If you think you've been drugged
Signs you've been drugged:
- You feel drunker than you should given the amount of alcohol you've consumed
- You wake up feeling fuzzy and can't remember all or part of last night
- You remember having a drink, but you can't remember what happened after you finished it
- You fell like you've had sex, but you don't fully remember the encounter
Most date rape drugs leave the body within 24-72 hours, so it is important to get a drug test as soon as possible after the assault has occurred. If you aren't able to get tested in time, you can still file sexual assault charges if you wish. There may be other evidence that indicates you were sexually assaulted, regardless of whether you can prove you were drugged at the time.
Drugs and Sexual Assault
Alcohol is the most frequently used date rape drug. Drinking until intoxicated is often the precursor to date/acquaintance rape. The offender and the victim/survivor are more likely to have lowered inhibitions, poor critical decision making skills, lessened empathy/greater narcissism if alcohol is involved. In new and unfamiliar situations having a clear head lessens the possibility of being taken advantage of.
If you choose to drink:
- Monitor your intake, know your limits. Drinking until you pass out is dangerous and hard on your body.
- Always attend parties with a friend. Never leave a party without everyone you arrived with. Never stay when your friends leave.
- Don't drink from an open punch bowl or leave your drink unattended.
- If you suddenly begin to feel very intoxicated or feel like you are going to "black out," ask a friend to take you home or to a hospital.
GHB is not legitimately manufactured; it is labeled as a "controlled substance" by the FDA.
GHB looks, usually, like a clear, syrupy liquid or a powder form, not unlike laundry detergent. It tastes unpleasant, salty and plastic, and has a mild odor. Usually it is slipped into fruit drinks or strong shots so the taste is not apparent. Visine eye-dropper bottles are often used to disguise the liquid and as an efficient dispenser.
Symptoms of GHB may peak in as few as 15 minutes and last from three to six hours. The drug creates a feeling of extreme intoxication and impaired judgement. Other symptoms may include: nausea, vomiting and hallucinations; aggressive behavior and uncontrollable twitching; extreme drowsiness, weakness, and reduced muscle-tone, blood pressure and respiratory rate; dizziness and confusion; hypothermia and seizure-like activity; suppression of the Gag Reflex and coma/death.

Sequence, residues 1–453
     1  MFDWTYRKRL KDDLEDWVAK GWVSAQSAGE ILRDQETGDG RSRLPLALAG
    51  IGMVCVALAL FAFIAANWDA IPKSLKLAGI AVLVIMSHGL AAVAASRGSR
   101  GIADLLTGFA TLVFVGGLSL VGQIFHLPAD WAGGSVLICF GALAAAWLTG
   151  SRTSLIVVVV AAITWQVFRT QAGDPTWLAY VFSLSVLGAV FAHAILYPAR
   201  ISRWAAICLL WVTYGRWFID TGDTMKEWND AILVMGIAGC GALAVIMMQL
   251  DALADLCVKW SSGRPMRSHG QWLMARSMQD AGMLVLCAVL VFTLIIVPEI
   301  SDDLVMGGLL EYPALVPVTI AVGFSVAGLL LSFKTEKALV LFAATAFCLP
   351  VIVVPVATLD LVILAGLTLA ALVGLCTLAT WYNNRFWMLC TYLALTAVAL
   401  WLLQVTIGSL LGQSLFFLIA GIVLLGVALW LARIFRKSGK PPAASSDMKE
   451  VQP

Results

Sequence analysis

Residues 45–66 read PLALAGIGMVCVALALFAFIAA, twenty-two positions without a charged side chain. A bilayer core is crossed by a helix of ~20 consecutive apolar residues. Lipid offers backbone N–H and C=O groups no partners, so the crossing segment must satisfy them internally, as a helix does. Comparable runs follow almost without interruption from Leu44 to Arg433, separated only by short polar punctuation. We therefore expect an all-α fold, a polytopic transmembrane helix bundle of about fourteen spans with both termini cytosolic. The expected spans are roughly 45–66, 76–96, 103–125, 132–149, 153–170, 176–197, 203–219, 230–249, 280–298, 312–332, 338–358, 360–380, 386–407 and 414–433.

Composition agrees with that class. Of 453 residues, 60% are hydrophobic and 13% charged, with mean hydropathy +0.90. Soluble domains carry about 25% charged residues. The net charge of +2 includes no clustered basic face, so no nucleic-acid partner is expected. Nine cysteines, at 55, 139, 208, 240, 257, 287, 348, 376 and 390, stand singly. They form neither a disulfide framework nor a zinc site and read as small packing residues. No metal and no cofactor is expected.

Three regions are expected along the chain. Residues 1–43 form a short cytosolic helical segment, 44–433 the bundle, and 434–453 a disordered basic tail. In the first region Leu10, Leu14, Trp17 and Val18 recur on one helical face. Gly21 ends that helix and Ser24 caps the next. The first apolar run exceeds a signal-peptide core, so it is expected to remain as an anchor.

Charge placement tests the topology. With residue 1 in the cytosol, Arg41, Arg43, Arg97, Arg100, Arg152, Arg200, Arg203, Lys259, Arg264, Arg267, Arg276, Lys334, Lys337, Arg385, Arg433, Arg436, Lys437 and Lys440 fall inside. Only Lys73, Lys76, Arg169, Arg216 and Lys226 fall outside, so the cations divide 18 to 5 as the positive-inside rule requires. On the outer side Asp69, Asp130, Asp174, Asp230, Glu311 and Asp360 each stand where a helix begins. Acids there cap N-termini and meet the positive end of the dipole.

GHB may cause enhance sexual feelings by the victim, and therefore, the victim may participate in reciprocal acts, as a result of the drug, rather than free will.
After ingestion, GHB will remain in the blood stream in a measurable amount for only four to seven hours. However, the urine stream should have GHB in it for up to twelve hours after ingestion. Urine is always the sample of choice and should be obtained as soon as the victim is able and taken to a hospital as soon as possible.
Rohypnol is the brand name of flunitrazepam and is manufactured by Hoffman-La Roche pharmaceutical company and is illegal in the U.S. It is smuggled in mainly across the Mexican border.
Rohypnol looks like a large aspirin, has either a line or crossed lines and the word "Roche" written on the reverse side. (Many other Hoffman-La Roche drugs also have the work "Roche" on the back of pills.) When slipped into a drink, it quickly dissolves. The drug cannot be seen, smelled or tasted.
When ingested, Rohypnol will quickly be absorbed into the bloodstream and central nervous system. The effects may appear within 10 to 20 minutes of ingestion, and the peak blood levels will appear within we minutes to an hour. It is quickly metabolized and passes through urine. Effects of the drug might last up to 24 hours.
When mixed with alcohol or other drugs, the person will likely pass out, not be able to remember the rest of the night and suffer a huge hangover.
A specialized drug test can detect the drug up to 72 hours after ingestion.
Ketamine is illegal to possess for personal use in the U.S. because it's only legitimate use is as a veterinary aesthetic or animal tranquilizer.